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United States Department of Agriculture

Agricultural Research Service

Research Project: Enhanced Disease and Abiotic Stress Resistance in Edible Legumes

Location: Grain Legume Genetics Physiology Research

2013 Annual Report

1a. Objectives (from AD-416):
Objective 1: Apply new knowledge of genetic inheritance and genomic analyses to accelerate breeding and for improved understanding of major genes conditioning resistance/tolerance to: white mold, Fusarium and Aphanomyces root rots, bacterial blights, Bean leaf roll virus, the slow darkening trait, and agronomic performance, including biological nitrogen fixation and drought. Objective 2: Breed, evaluate, and release dry and fresh green pea, lentil, and dry bean (kidney, pink, and pinto) germplasm with combined disease resistance, desirable seed quality attributes (slow darkening trait), and improved agronomic performance.

1b. Approach (from AD-416):
Edible legumes (common bean, chickpea, lentil, and pea) are high value crops that provide growers with crop options for the short season growing regions in the US. Production losses resulting from diseases caused by pathogens and abiotic stresses (drought, low soil fertility) cost growers millions in lost revenue annually. Incorporation of genetic resistance and stress tolerance traits are needed to minimize yield and quality loss caused by disease and abiotic stresses, and to reduce dependency on pesticides and fertilizers. The breeding of new edible legume germplasm and cultivars with improved resistance to diseases or abiotic stresses will be accomplished by the systematic evaluation of germplasm from different countries, interspecific lines, and core and base collections in repositories to identify new resistance sources. Once new sources of resistance are identified, inheritance studies including QTL analysis and genomic characterization will be conducted to understand the resistance source and develop breeding strategies to utilize the resistance. Genomic advances such as: the release of the annotated common bean whole genome sequence; availability of other reference genomes for synteny; abundance of genetic markers; and improved sequencing techniques will be used to characterize resistance traits. Phenotypic data will be obtained to characterize major genes conditioning resistance traits from appropriate genetic populations. Traditional and marker-assisted breeding strategies will be used to develop new cultivars with enhanced resistance to diseases, drought, and low soil fertility to ensure sustainable productivity. Genomic markers in the form of SNP arrays will be used to identify genes/QTL which condition resistance to targeted diseases and abiotic stresses segregating in different populations. Available and developed bi-parental recombinant inbred line populations and germplasm diversity panels will be used for composite interval mapping and association mapping, respectively. Genome-wide association studies will provide a new approach for identifying gene/QTL in common bean. Two fully gene-annotated, whole genome reference sequences will be used for physical mapping and validating genetic map positions. The physical map positions of the resistance-linked markers will be used to find SSR, indel, SSCP, and other sequence based-markers from associated whole genome sequence for the purpose of marker-assisted selection. Genetic maps will be developed using MapMaker, MapDisto, or JoinMap, and QTL analysis will be performed with QTL Cartographer, QGene, or other related software. Selective mapping and whole mapping approaches will be used to identify major-effect QTL associated with expression of disease and abiotic stress resistance. Principal components analysis will be used to determine population structure. Identity-by-descent and identity-by-state estimates will be calculated to measure genotype relatedness and the cofactors will be fit in regression models and evaluated using GAPIT. The best mixed models accounting for structure and genotype relatedness will be determined using Bayesian Information Criterion using GAPIT.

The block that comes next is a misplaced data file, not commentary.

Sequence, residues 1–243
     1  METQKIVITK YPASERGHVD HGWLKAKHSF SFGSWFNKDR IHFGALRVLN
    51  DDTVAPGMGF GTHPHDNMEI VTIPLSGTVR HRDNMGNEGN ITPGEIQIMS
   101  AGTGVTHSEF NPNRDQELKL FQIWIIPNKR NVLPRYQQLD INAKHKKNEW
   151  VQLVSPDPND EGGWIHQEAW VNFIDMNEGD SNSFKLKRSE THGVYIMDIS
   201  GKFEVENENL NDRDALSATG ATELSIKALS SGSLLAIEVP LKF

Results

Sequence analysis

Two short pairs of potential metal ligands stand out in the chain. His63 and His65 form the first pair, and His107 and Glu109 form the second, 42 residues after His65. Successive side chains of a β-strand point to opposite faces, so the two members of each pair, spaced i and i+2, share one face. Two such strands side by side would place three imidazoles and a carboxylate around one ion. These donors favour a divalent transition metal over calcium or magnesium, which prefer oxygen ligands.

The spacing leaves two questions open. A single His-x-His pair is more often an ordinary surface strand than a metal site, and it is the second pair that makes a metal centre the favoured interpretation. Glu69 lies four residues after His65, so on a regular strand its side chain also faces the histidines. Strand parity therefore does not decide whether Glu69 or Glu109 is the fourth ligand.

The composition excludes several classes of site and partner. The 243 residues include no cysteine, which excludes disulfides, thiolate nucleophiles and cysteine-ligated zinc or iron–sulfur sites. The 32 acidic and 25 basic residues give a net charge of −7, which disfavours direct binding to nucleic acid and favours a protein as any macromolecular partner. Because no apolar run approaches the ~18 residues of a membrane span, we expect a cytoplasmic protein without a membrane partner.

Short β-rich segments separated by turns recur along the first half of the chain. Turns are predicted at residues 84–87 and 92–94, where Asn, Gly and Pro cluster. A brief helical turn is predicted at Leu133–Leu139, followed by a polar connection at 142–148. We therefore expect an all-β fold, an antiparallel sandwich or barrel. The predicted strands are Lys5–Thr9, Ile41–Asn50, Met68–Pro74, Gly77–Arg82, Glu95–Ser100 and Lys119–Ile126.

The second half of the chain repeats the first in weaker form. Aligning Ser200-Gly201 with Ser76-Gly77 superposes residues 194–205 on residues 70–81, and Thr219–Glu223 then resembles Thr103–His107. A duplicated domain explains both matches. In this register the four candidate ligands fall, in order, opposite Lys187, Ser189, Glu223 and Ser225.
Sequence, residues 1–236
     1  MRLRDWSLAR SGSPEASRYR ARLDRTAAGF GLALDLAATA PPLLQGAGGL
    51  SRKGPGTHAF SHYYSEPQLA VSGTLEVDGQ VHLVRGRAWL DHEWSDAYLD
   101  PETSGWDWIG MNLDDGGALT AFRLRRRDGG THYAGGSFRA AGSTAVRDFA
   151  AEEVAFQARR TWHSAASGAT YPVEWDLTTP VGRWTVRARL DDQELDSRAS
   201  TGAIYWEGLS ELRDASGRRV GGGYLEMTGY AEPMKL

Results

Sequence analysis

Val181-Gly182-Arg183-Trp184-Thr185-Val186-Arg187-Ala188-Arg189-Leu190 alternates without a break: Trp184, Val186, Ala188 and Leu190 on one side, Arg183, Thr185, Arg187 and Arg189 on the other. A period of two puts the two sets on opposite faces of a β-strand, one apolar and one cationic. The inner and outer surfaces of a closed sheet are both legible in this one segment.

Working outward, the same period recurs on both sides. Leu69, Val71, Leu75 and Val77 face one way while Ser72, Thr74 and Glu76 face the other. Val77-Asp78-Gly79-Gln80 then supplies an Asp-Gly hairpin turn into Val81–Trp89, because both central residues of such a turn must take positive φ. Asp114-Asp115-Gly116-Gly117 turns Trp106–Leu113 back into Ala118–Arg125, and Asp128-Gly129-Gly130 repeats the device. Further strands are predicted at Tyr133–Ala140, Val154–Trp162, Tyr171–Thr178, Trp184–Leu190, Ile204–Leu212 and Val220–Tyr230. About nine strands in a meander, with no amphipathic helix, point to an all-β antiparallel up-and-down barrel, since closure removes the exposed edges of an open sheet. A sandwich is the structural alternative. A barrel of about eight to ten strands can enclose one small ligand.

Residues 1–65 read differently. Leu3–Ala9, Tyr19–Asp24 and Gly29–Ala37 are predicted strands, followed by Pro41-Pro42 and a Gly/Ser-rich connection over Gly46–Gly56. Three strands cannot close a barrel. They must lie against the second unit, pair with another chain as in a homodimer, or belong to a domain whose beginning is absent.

3. Progress Report:
This is a new project began in April of 2013 and reports continued research from 5354-21220-016-00D, "Develop Stress-Resistnat Dry Bean Germplasm and Sustainable Pest Management Strategies for Edible Legumes". Development of three new mapping populations representing 300 distinct segregating lines for studying the genetics of tolerance to drought and low fertility were initiated in the summer greenhouse. Thirteen field experiments spanning 1,300 individual plots across 16 acres were planted in support of discovery and characterization of new genetic resistance to drought, low soil fertility and disease in bean and pea. Thirty-five hybridizations were initiated to generate breeding populations for enhancing biotic and abiotic stress resistance in common bean and pea.

4. Accomplishments

Last Modified: 06/27/2017
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